Neural dynamics of decision-making and cognition

Our lab conducts research to better understand how the brain processes complex uni and multisensory input and generates the appropriate action at the right time. My research is guided by the ethos that understanding how the brain works will help us build better interventions for people with disabilities involving the nervous system. I expect my research career to aid translational efforts that use circuit level treatments and brain machine interfaces for patient populations. To study these questions, I use a combination of electrophysiological, behavioral and computational techniques.

My research agenda at Boston University is focused on understanding how the primate brain makes decisions based on sensory input and guides limb movement. Extensive evidence from stroke patients and physiological/lesion studies in humans suggest that a part of the brain called the dorsal premotor cortex is involved in selecting the appropriate limb movement on the basis of the sensory input. However, the exact computation as well as the implementation in the microcircuit in dorsal premotor cortex and prefrontal cortex that mediates the selection of a limb movement has not been clearly identified.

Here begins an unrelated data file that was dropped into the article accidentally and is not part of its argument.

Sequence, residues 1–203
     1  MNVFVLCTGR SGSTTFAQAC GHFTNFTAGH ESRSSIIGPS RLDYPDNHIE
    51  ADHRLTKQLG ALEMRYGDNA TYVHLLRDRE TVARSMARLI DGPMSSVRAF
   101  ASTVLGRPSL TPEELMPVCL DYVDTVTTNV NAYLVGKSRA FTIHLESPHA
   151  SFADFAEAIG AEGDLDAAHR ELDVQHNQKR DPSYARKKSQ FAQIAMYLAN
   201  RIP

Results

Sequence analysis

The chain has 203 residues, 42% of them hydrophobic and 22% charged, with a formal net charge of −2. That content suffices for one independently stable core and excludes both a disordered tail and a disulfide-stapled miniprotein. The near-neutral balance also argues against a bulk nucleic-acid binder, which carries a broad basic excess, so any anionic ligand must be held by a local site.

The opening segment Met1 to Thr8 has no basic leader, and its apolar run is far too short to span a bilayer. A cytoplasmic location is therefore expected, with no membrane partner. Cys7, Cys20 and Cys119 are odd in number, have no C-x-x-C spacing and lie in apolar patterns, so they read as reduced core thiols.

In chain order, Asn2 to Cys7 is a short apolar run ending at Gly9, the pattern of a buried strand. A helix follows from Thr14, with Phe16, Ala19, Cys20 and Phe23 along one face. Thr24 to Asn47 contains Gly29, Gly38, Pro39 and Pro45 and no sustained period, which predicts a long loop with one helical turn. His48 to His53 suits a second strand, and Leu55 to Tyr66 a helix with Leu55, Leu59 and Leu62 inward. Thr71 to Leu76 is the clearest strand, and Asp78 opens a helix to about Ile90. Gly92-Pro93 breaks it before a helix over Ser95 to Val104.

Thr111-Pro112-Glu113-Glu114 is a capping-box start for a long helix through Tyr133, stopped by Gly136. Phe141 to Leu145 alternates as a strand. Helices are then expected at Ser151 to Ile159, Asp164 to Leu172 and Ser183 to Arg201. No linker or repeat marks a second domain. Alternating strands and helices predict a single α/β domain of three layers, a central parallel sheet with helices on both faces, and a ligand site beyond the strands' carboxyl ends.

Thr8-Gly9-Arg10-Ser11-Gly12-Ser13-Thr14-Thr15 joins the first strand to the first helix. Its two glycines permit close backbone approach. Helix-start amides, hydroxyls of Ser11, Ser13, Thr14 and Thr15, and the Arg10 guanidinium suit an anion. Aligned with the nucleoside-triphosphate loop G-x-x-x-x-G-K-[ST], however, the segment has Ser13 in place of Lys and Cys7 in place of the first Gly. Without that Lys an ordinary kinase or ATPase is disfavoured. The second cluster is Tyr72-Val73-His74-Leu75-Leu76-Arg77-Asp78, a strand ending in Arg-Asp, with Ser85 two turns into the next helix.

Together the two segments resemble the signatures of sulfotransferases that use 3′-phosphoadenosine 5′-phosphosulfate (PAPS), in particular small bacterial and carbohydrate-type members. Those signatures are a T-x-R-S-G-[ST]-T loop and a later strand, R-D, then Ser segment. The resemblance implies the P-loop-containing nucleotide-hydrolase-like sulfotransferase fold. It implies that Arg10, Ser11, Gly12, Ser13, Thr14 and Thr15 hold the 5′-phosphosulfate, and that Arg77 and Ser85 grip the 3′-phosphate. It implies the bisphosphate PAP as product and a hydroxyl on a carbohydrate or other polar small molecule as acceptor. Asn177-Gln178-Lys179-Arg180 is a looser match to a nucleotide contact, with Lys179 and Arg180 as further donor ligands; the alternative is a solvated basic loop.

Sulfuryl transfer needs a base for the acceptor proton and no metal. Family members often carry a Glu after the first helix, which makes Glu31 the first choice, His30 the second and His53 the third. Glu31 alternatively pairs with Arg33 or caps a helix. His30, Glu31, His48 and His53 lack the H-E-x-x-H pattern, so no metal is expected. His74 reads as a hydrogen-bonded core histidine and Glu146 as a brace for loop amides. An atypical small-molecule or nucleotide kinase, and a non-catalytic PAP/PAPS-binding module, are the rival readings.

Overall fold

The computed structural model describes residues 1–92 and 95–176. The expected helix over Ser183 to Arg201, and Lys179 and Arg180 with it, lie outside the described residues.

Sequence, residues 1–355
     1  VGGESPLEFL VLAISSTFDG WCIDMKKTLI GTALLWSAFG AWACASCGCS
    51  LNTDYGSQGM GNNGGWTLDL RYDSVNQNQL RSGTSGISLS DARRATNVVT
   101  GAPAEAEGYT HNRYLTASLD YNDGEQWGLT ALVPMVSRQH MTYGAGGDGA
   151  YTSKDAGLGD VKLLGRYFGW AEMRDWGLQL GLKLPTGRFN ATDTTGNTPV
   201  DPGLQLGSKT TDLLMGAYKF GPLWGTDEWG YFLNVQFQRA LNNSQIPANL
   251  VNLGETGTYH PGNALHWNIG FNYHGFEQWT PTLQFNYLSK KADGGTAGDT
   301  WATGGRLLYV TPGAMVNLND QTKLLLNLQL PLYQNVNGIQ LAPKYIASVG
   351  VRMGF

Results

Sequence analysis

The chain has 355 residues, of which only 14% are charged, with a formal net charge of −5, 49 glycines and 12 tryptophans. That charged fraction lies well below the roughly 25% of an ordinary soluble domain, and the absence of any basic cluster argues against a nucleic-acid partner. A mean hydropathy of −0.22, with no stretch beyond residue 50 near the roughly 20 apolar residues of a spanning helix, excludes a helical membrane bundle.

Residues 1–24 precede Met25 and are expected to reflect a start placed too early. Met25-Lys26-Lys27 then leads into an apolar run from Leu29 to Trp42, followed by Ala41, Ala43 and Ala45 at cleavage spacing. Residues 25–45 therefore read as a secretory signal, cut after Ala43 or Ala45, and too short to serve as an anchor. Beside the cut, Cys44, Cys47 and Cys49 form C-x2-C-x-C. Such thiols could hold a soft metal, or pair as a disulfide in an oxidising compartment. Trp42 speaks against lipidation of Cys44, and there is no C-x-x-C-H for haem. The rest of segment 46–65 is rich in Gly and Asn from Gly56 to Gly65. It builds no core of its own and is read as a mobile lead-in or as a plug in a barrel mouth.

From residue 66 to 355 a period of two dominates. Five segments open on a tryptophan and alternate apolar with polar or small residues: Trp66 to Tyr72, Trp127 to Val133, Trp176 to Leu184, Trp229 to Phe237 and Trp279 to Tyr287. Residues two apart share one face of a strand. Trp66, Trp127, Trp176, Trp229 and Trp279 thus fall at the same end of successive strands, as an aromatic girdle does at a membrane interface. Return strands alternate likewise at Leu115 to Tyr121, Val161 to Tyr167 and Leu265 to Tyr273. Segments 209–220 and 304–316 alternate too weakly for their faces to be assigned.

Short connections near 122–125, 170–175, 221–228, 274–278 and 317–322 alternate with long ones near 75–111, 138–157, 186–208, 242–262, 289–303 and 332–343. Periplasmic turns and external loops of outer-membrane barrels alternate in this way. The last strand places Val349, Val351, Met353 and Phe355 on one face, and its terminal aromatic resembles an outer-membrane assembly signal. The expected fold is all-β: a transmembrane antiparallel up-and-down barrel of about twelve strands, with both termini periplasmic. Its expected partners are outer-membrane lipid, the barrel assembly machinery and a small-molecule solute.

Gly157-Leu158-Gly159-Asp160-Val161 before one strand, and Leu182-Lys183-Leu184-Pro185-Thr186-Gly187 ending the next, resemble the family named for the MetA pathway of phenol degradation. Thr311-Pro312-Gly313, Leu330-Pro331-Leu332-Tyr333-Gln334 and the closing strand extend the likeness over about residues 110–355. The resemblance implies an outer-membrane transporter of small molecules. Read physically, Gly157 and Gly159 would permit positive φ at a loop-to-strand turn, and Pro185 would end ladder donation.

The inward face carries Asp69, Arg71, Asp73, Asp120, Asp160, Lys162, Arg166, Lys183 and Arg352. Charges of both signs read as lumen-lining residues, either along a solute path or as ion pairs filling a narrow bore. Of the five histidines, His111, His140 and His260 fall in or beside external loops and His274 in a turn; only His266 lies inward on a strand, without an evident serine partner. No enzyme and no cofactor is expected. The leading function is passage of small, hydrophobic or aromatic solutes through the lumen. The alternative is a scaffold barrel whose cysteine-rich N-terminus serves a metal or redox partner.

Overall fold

We address these types of questions by using a ‘dynamical system’ theoretical framework combined with measurements of activity of populations of neurons using linear multi contact electrodes and utah arrays in monkeys performing a “Decision” task. By analyzing the average, single trial activity patterns, and differences in neuronal properties across the lamina of cortex we hope to elucidate the computational and circuit mechanisms by which the brain guides limb movement on the basis of sensory input.